Introduce una URL
Did you you know that the percentage of times a keyword appears on your web page compared to the total number of words on that page can have an impact on the page's ranking?
Sure it does, and it's called “Keyword Density.”
Mention a keyword or phrase too many times and search engines will likely frown at your site. Do it a little less than necessary and search engines may not pick up enough signals to rank the page for that particular keyword.
Simply put, you ought to get your keyword density just right for the best search performance. Not too much, not too little!
But how can you start calculating how many times keywords appear on a web page or blog post? Can you even do it accurately?
It turns out you'll have to get help from a reliable tool. And that's why we created this SST’s Keyword Density Checker.
Keyword Density Checker is a tool built solely for the purpose of calculating the keyword density of any web page.
The dev team at Small SEO Tools created the tool after finding out that some marketers were still stuffing their content with loads of keywords even without realizing it. This left their websites suffering as Google does not want you to cram your content with keywords unnecessarily.
This tool solves that problem perfectly. It allows you to analyze either a whole web page using its URL or a piece of text by copying and pasting.
The simplest method of calculating keyword density is usually to divide the number of times a particular keyword is mentioned in a text by the total number of words in the text, and then multiply the result by one hundred to get your percentage.
But our Keyword Density tool does more than calculating keyword density. It actually checks for and analyzes ALL the top keywords used on the page or text that is being analyzed, and shows you the following metrics for better SEO performance and effective content optimization:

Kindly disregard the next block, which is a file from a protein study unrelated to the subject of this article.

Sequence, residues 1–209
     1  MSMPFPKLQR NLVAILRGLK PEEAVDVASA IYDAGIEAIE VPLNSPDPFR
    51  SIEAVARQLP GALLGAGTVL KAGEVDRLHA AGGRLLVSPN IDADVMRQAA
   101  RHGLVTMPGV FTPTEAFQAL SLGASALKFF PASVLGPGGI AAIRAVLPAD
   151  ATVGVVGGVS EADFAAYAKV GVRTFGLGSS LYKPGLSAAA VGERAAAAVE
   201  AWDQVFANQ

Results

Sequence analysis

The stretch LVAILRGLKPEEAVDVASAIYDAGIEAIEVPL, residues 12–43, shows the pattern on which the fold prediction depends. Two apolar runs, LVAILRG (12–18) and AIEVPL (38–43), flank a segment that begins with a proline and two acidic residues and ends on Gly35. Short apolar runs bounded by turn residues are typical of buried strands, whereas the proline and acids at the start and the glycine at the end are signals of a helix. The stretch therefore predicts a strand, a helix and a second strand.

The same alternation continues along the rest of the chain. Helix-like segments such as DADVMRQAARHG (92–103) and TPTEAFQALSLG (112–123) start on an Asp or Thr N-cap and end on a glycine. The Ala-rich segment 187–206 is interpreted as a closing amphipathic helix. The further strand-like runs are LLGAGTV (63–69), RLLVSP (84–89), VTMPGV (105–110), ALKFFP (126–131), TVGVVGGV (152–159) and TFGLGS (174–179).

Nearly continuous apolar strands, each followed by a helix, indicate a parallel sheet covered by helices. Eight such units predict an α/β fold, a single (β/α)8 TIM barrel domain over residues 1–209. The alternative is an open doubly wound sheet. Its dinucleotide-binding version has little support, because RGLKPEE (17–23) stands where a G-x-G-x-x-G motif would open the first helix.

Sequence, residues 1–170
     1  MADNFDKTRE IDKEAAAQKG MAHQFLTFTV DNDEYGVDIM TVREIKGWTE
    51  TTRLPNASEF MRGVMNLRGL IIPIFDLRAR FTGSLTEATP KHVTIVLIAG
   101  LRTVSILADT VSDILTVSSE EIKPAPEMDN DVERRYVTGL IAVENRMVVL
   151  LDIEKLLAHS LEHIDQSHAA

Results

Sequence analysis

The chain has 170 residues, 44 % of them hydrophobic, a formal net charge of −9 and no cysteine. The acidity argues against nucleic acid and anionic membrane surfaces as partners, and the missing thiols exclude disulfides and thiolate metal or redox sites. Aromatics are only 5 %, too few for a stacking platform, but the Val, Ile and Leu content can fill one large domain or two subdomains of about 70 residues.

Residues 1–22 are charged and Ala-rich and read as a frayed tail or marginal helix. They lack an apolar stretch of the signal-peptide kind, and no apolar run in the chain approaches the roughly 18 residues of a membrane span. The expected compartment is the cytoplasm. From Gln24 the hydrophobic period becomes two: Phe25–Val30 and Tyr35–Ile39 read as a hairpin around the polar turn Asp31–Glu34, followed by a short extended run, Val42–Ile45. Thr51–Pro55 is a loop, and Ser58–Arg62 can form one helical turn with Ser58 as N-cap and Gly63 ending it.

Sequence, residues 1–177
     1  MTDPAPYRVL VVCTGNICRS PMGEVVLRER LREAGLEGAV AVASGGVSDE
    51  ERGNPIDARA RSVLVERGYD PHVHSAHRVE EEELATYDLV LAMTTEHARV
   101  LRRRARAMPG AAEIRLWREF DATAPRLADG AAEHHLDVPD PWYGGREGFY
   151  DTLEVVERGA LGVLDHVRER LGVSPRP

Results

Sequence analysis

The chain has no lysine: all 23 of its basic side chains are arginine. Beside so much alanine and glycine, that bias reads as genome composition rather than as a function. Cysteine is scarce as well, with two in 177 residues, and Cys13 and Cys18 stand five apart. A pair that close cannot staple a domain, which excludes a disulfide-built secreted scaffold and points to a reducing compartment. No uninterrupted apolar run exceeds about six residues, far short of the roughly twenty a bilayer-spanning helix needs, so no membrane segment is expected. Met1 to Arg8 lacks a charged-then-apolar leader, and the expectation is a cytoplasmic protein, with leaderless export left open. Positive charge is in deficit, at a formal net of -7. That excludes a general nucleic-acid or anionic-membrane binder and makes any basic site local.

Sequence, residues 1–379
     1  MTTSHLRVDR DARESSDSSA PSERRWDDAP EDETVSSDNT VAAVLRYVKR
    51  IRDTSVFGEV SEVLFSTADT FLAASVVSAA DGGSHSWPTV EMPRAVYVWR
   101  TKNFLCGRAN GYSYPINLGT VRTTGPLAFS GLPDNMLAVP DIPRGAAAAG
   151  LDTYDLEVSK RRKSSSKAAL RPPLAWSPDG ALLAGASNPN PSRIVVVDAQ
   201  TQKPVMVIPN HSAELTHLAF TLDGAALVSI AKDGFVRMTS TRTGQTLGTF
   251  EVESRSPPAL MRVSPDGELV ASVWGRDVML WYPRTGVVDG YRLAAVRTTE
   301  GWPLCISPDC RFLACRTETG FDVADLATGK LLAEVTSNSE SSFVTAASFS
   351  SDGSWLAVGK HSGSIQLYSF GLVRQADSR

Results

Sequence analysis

This sort of sophisticated analysis allows you to easily define and become acquainted with the proportion and sum of keywords used within your content.
Keyword density is a fundamental part of search engine optimization, thus it is important to understand how it works.
First, many people often ask the question:
“Does keyword density affect ranking?”
Well, there's no official statement from Google or any other major search engine expressly stating that keyword density does affect ranking. But without a web page containing a given keyword, there's absolutely no way the search engines will rank such a page for the keyword even if that might be its target keyword.
In other words, *keywords* are important for a page to show up in search engine results pages (SERPs). AND where there are keywords, keyword density must naturally be present.
So the germane question to ask could be:
“What is the best keyword density for better ranking?”
Again, there is no exact or ideal percentage of keywords for better ranking.
Instead, experts (and Google) suggest writing your content in a natural language; that is, without any intensive cramming of keywords. Hence, applying your keywords in a natural, contextual sense along with relevant long-tail keywords and Latent Semantic Indexing (LSI) keywords works best.
After creating your content using a natural language, you can then use Keyword Density Checker to analyze it to be sure it is not overly stuffed with keywords.
Keyword stuffing is considered to be a spammy practice and a violation of Google's webmaster guidelines, and in response to such actions the search engine essentially lowers the rankings of the sites that break the rules.
Our free Keyword Density Checker can be useful in showing you whether or not your content is stuffed with keywords. Typically, you can evaluate this by looking at the percentage of keyword usage under the “Keyword Density” table.
If you are feeling particularly worried that some keywords have been mentioned too many times already, use this free keyword density analyser to see how many times they appeared and reduce it the best way you can.
An effective solution is to mention your target keywords naturally in the on-page body of your text and then add the same in the meta title, description, H1, and possibly the URL.
Our tool does analyze text found in the on-page body of the content, along with content within heading tags.